“A quality warm-up and cool-down before every workout is important,” says Parker. “This will help to minimize injury as well as aid recovery. Your 5K time isn’t going to get quicker if an injury creeps in.”

The aim of the warm-up is to prepare your muscles for the workout ahead and raise your heart rate. Do 5-10 minutes of gentle jogging interspersed with dynamic stretches (those done while moving), especially ones that target your legs, such as lunges, hip gate openers, walking toe touches and side lunges.

Conversely, the focus of the cool-down should be to slowly lower the heart rate and stretch the muscles to expel lactic acid, which can contribute to post-workout muscle soreness. Run at a slow pace, reducing to a jog and then a walk over the course of five minutes. Follow this with some static stretches (those done while stationary), such as standing hamstring, calf and quad stretches.

6. Do Some Cross-Training

Running is obviously your priority when looking to run a faster 5K, but you can have too much of a good thing.

“More and more running doesn’t always help, and can lead to overtraining,” says Parker.

Our cross-training for runners guide contains more on this subject, but a good place to start is on cardio machines, such as sessions on the elliptical machine or exercise bike. This helps you to keep improving your cardiovascular fitness with less impact on your body than running.

Strength training is also important for runners, because it helps the body to handle the impact of the sport. Doing workouts that focus on your quads, hamstrings, calves and glutes will build strength, making you a more resilient and faster runner.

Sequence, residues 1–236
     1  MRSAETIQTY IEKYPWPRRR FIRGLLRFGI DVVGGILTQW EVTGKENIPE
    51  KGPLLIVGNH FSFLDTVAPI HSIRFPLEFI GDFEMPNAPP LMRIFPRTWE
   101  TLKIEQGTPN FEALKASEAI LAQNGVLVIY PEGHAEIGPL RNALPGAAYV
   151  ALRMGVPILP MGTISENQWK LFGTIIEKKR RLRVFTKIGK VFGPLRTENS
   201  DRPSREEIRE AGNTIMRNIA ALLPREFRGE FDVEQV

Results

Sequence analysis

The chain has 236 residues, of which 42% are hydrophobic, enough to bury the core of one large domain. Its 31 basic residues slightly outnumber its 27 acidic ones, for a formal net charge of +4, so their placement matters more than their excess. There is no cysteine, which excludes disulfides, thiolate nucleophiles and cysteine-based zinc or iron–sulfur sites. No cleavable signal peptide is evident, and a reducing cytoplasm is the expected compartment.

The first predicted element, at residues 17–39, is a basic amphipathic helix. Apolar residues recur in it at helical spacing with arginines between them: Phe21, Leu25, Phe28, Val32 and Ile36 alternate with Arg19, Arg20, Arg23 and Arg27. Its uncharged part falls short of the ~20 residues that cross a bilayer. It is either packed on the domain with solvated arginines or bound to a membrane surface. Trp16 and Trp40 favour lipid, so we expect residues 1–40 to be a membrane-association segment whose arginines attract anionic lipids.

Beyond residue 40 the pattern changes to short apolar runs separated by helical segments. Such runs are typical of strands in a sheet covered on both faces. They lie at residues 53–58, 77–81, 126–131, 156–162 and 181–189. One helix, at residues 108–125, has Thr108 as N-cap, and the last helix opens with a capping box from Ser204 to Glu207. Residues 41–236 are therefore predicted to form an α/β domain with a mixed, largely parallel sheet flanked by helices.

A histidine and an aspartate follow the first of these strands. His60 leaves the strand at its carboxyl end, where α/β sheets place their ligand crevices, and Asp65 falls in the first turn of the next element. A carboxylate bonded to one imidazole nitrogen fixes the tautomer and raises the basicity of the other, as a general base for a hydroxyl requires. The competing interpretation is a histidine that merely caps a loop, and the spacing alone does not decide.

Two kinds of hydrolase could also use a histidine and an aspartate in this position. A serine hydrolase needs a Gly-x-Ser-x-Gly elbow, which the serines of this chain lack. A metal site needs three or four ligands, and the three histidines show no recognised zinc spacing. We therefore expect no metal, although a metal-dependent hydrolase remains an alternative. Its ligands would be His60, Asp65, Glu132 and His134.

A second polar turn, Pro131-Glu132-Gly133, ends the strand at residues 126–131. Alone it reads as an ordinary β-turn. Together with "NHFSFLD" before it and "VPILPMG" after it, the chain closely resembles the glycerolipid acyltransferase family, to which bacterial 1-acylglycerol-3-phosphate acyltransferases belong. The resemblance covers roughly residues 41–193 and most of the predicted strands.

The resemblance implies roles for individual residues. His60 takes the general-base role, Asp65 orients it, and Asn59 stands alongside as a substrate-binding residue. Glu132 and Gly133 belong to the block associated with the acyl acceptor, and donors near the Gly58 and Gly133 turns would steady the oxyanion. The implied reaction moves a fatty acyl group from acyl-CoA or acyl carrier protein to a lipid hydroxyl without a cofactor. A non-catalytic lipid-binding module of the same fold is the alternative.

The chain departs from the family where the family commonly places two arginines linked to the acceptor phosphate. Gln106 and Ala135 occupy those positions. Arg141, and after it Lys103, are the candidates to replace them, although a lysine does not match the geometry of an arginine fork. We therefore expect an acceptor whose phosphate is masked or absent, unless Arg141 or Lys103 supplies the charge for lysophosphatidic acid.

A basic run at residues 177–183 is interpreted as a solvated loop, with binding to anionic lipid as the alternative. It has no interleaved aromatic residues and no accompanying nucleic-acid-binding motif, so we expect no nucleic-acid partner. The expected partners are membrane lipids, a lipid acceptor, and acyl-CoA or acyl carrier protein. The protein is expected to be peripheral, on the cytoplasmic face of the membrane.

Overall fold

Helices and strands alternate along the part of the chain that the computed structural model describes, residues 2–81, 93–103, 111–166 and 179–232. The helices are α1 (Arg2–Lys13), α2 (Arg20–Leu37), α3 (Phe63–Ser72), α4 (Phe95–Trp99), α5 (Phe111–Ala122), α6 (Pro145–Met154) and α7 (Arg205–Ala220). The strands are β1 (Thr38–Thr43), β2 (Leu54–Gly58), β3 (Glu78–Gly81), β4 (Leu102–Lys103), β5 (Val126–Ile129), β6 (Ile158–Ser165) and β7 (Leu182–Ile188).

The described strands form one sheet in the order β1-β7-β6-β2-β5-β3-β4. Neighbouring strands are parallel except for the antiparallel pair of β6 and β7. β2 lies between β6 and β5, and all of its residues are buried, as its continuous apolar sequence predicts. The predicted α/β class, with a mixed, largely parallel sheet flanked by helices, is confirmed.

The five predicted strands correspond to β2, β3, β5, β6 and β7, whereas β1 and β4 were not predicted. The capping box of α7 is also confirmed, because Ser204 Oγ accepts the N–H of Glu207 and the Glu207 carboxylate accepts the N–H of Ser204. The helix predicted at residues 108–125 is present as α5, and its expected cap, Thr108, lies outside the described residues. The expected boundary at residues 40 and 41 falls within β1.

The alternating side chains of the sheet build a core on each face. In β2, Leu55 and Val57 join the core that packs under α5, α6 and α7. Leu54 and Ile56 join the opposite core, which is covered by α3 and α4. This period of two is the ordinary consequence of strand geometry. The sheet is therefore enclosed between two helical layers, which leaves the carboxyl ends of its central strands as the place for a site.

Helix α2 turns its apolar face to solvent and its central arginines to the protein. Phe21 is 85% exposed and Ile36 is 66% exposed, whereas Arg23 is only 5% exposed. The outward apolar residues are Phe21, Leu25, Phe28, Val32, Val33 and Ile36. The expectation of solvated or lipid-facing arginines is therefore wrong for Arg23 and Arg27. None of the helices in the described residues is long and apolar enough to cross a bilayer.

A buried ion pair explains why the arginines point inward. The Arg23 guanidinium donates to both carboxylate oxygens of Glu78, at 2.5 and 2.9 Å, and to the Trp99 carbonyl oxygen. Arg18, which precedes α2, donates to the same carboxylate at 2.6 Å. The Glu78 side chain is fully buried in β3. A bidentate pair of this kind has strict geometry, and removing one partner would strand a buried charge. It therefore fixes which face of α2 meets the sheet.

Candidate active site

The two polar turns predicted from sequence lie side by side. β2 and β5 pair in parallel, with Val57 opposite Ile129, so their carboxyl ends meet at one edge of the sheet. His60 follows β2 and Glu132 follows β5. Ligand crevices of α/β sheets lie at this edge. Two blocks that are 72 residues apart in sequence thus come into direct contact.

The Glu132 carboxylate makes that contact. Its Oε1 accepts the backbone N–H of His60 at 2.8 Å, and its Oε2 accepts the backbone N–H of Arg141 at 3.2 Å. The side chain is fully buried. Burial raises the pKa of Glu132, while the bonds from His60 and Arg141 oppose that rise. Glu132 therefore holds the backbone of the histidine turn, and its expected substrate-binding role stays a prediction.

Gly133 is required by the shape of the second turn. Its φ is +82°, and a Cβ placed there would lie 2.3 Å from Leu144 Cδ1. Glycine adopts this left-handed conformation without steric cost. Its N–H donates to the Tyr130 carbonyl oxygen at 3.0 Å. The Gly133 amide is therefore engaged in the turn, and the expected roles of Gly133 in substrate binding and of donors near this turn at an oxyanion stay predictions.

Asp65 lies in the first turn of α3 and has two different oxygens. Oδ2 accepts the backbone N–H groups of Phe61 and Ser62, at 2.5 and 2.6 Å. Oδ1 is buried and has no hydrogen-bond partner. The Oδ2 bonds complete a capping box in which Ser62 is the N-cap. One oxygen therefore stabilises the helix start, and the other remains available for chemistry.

7. Invest In Your Equipment 

You don’t have to spend huge amounts of money to get kitted out for running, but it is worth investing in some dedicated kit to make your experience more enjoyable.

“Running is a great sport and we don’t need a lot to get out the door and move,” says Parker. “Try to avoid letting your running shoes get too worn out or the risk of some injuries will increase, and make sure you have clothes that fit and don’t rub. Dress for the weather you are running in and make sure you are comfortable.”

The best running shoes for you will depend on a variety of factors such as your gait and the surface you’re going to run on—road or trail. It’s worth trying a few different pairs of shoes on if possible. Our guides to the best running trainers for women and the best running trainers for men contain more information on how to pick your shoes, plus recommendations.

8. Enjoy Yourself

If you enjoy your running, you are more likely to stick at it and keep improving. Your running routine has to work for you, so be flexible in how you set it up or it will feel like a burden rather than something you enjoy.

“Make changes to your routine that you enjoy making and commit to running a number of days that can realistically slot around your schedule without missing all of your favorite social commitments,” says Parker.

Also remember that every runner is different, so there’s no value in comparing yourself to others. The goal is to improve your 5K time, not match anyone else.

“Don't compare yourself to others as your only competition is you!” says Parker. “If you do this, you’ll get to the 5K PB with a smile on your face, ready to beat it once more.”

Lucy Gornall

Lucy is a freelance journalist specializing in health, fitness and lifestyle. She was previously the Health and Fitness Editor across various women's magazines, including Woman&Home, Woman and Woman’s Own as well as Editor of Feel Good You. She has also previously written for titles including Now, Look, Cosmopolitan, GQ, Red and The Sun. 

She lives and breathes all things fitness; working out every morning with a mix of running, weights, boxing and long walks. Lucy is a Level 3 personal trainer and teaches classes at various London studios. Plus, she's pre- and post-natal trained and helps new mums get back into fitness after the birth of their baby. Lucy claims that good sleep, plenty of food and a healthy gut (seriously, it's an obsession) are the key to maintaining energy and exercising efficiently. Saying this, she's partial to many classes of champagne and tequila on the rocks whilst out with her friends.

With contributions from